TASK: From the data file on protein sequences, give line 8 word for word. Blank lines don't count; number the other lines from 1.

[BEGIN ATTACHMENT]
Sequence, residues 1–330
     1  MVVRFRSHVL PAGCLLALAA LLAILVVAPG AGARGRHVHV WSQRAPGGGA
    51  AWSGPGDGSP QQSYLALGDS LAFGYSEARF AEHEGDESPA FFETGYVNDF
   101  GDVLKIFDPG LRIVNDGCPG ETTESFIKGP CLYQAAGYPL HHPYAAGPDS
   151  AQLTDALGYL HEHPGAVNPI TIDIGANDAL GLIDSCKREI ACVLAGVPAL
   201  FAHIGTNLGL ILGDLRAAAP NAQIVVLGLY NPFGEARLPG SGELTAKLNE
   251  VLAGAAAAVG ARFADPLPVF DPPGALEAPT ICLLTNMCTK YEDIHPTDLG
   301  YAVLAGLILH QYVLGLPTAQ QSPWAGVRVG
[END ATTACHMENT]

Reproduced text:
   301  YAVLAGLILH QYVLGLPTAQ QSPWAGVRVG